Is it safe to use Tiket.com to book Indonesian flights from U.S.?
With an itinerary set for a trip to Indonesia, I wanted to start booking my internal flights to Yogyakarta and Bali within the country.
A couple flight aggregation sites pointed me to Lion Air‘s website as one the many choices for low-cost carrier options in Indoenesia. I was delighted (delighted!) to find that my first internal one-way flight, a one-hour trip to Yogyakarta from Jakarta, was only going to cost approximately $30. And it was at the departure time I was looking for.
I quickly filled out my information on Lion Air’s site and submitted for my ticket; paying for the fare with my VISA credit card. The site processed the information for about 4 seconds before the card was declined. I tried again. Declined.
I called my credit card company and they confirmed that the card was in good standing and active so I attempted the charge again only to be declined again. I thought that there might be something up with the card, so I pulled out my Mastercard, input the 16 digits and that was quickly declined, too.
After trying a couple workarounds that ended up as unsuccessful attempts, I searched the internet to find that this wasn’t uncommon. U.S. and Canadian credit card holders trying to pay for their airline tickets often have their cards declined in/on Indonesian websites.
I knew there had to be a way to purchase flights before being physically in the country. I searched around and came across a few Lonely Planet forum posts that suggested that Tiket.com would be able process the transaction.
Is Tiket.com Safe?
Whenever dealing with a new website, especially processing an online transaction overseas, you’d be foolish not to do some research on the site — it’s probably the reason how you got to this post in the first place (good job!).
Then I came across this article from TechinAsia.com that interviewed their CTO. Here’s an excerpt from that piece:
Tiket.com is the undisputed champion in Indonesia for online bookings in the travel, events, and hospitality sectors. Tiket has done so well since its inception in 2011 that it even reached profitability in early 2013. Ardianto can’t seem to recall the tipping point, but says, “Actually, our business skyrocketed in that April, and we really don’t know why. Our revenue between 2012 and 2013 went up 1,300 percent. I think our number of customers just reached a critical mass and we started making a lot more sales. We were quite surprised and shocked.”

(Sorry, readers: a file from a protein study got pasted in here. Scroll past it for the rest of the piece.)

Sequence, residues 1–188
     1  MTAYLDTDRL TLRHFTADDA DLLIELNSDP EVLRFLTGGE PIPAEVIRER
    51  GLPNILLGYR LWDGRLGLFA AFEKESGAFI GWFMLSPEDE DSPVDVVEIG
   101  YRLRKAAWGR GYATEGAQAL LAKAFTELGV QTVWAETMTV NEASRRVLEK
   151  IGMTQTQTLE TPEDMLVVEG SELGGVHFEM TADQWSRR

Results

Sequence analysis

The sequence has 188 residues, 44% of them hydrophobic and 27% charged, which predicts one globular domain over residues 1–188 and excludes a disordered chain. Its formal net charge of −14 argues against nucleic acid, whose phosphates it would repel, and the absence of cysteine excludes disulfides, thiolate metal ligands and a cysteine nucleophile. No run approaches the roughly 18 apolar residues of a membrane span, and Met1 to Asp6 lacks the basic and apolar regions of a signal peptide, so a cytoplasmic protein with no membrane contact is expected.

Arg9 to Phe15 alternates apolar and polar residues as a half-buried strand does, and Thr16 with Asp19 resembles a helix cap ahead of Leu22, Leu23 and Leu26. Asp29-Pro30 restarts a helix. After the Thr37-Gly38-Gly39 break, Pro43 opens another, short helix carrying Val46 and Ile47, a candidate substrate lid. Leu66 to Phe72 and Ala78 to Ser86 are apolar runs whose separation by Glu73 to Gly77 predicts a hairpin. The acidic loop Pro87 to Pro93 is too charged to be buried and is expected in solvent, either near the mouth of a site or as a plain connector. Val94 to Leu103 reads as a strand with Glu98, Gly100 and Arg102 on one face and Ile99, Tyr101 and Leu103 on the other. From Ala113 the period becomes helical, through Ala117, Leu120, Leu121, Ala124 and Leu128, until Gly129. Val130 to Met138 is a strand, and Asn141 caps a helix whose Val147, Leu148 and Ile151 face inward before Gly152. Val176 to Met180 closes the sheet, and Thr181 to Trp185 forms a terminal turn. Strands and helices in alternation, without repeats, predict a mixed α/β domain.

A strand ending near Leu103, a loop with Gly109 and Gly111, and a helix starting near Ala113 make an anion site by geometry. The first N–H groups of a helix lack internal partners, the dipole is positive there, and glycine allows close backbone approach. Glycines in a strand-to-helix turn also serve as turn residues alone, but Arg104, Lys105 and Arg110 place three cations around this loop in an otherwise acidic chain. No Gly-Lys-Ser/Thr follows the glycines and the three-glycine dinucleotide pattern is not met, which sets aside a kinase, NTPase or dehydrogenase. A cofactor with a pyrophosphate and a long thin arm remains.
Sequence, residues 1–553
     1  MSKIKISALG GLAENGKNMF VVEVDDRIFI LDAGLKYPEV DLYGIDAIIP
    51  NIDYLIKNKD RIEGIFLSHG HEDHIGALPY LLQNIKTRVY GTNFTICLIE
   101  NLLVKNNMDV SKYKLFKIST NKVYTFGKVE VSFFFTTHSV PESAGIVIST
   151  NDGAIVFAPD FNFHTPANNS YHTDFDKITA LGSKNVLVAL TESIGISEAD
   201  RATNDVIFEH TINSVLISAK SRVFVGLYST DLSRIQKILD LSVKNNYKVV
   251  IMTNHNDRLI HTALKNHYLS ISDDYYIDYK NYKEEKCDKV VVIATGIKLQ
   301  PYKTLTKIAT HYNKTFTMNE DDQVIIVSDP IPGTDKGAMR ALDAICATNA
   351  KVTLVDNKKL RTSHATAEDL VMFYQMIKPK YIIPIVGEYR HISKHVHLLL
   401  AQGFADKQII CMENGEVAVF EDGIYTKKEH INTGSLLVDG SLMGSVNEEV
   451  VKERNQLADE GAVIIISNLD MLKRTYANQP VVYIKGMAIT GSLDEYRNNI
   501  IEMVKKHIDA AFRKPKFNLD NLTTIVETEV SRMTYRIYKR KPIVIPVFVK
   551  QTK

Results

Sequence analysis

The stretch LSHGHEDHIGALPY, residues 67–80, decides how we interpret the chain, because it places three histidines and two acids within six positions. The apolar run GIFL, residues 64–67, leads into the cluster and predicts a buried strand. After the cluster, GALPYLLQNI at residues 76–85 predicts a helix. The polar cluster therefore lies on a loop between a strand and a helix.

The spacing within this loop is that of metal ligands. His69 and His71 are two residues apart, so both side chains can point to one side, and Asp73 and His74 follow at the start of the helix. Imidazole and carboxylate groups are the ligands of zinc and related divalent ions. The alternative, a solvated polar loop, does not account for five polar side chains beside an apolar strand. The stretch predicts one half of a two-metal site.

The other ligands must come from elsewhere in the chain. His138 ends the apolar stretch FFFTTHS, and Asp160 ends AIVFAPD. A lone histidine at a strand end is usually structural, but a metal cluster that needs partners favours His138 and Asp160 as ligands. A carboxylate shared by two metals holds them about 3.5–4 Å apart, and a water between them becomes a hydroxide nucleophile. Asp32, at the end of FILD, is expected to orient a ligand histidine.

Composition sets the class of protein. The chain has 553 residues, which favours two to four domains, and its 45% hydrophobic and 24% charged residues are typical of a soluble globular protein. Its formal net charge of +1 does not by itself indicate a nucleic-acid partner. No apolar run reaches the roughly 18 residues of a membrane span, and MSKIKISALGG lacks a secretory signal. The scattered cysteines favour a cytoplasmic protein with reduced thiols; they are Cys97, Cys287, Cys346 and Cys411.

Ok, Tiket.com seems legit, so I started the process of a flight search. I was surprised by Tiket.com’s polished look and impressed by how easy and pleasing the flight search and selection process was. Take a look at the graphic Tiket.com shows you while it searches for tickets:
Honestly speaking, the site behavior was better than many U.S.-based sites and that did a lot to quell any remaining concerns about the legitimacy of the site.
Unfortunately, when I got to the final step of paying for the tickets, I was declined with the following message: “Your payment has been declined for security reasons.”
(There’s information circling around that having your card “Verified by VISA” would do the trick — if that worked for you, please tell us in the comments)
In the end, despite the slick looking site and smooth experience, Tiket.com ended up declining both my credit cards (VISA and Mastercard) — probably for the same reasons as LionAir’s site.
Bummer. So the Tiket.com site seems like a reputable and safe website to book tickets, but I was unsuccessful booking tickets from the U.S. If you were able to book an internal flight in Indonesia from the United States or Canada with a credit card, let us know in the comments.
Next up: Trying to use TicketIndonesia.info to get my Indonesian domestic flights from across the Atlantic.
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